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NEW UPDATES Asean Affairs 18 September 2015  

Myanmar expects a more vibrant economy

FOREIGN investors are being wooed to invest more in Myanmar to take advantage of the country’s Asean membership and geographical location, which should enhance its attractiveness after the election in November.

“By the end of this year, the Asean Economic Community will be launched. That means our market will be tenfold bigger. We are also the only Asean country located between China and India, two giant economies.

“Don’t look at Myanmar as a small country. Instead, consider Myanmar as a regional hub,” said Professor Aung Tun Thet, presidential economic adviser and vice chairman of the National Economic and Social Advisory Council.

At the Euromoney Myanmar Global Investment Forum, he urged investors to look beyond the domestic market with some 50 million people to the regional market of more than 600 million people.

While saying that the Myanmar economy has opened up and reintegrated with the regional and global community in the past six years, he quashed lingering fears among foreign investors on political uncertainties, as Myanmar is hosting its first democratic election in decades.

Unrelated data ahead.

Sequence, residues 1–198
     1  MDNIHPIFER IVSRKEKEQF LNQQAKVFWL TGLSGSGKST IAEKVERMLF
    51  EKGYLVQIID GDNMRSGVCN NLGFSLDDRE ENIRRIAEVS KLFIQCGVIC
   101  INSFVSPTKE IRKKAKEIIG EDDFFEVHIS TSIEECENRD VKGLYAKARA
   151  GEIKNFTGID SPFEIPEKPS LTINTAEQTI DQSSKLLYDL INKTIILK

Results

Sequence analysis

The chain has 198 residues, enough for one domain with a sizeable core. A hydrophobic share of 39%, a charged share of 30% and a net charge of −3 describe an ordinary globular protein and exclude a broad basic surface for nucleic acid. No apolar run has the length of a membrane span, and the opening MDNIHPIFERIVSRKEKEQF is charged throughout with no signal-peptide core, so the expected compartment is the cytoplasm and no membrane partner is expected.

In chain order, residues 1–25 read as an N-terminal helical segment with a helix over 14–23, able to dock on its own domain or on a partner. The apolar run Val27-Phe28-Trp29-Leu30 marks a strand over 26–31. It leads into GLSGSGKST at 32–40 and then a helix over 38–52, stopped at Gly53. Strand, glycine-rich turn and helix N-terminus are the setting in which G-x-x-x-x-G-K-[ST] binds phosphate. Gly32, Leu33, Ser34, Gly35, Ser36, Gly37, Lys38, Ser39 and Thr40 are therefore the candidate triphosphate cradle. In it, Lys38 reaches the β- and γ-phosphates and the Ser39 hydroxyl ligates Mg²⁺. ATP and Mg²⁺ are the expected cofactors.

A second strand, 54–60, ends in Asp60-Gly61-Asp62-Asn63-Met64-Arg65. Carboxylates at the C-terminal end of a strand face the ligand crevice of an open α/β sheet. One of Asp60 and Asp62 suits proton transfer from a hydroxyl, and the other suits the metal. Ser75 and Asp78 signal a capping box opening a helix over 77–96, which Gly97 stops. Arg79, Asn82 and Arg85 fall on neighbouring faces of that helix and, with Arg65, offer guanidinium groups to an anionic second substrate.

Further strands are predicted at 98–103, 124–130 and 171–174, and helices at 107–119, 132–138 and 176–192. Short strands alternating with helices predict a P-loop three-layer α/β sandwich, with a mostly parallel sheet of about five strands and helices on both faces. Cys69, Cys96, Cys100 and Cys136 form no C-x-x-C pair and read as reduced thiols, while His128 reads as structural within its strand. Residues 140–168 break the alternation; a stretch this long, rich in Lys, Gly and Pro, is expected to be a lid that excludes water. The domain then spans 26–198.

The future political landscape will lay a more solid foundation for foreign investment, he said.

As a member of the Myanmar Investment Commission (MIC), which oversees foreign investment, he said efforts were in place to make doing business in the country easier and help Myanmar regain its position as a key economic location.

“In the past, it took two months to get a licence from MIC. Now we have reduced the duration to two days and also plan to cut it down to two hours,” he said.

As Myanmar strives to be a socially inclusive society, foreign investment is expected to benefit |the country in four areas – financing, market, technology and management – and take corporate social responsibility into serious consideration, he said.

All foreign ventures must commit to spending 1-5 per cent of profits on CSR and be members of the United Nations Global Compact, which emphasises human rights, labour rights, the environment and anti-corruption.

Aung Thun Tun Thet is proud there are more than 200 UNGC members in the country, the highest in ASEAN. The country also aims to become a global leader in the very near future in this regard.

Kobsak Pootrakool, Bangkok Bank’s executive vice president for international banking, said that despite political concerns, the outlook was bright.

“The key thing is the private sector. Let the private sector drive the economy. That will bring further development to Myanmar,” he said.

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This year in Thailand-what next?

AseanAffairs   04 January 2011
By David Swartzentruber      

It is commonplace in journalism to write two types of articles at the transition point between the year that has passed and the New Year. As this writer qualifies as an “old hand” in observing Thailand with a track record dating back 14 years, it is time take a shot at what may unfold in Thailand in 2011.

The first issue that can’t be answered is the health of Thailand’s beloved King Bhumibol, who is now 83 years old. He is the world's longest reigning monarch, but elaborate birthday celebrations in December failed to mask concern over his health. More






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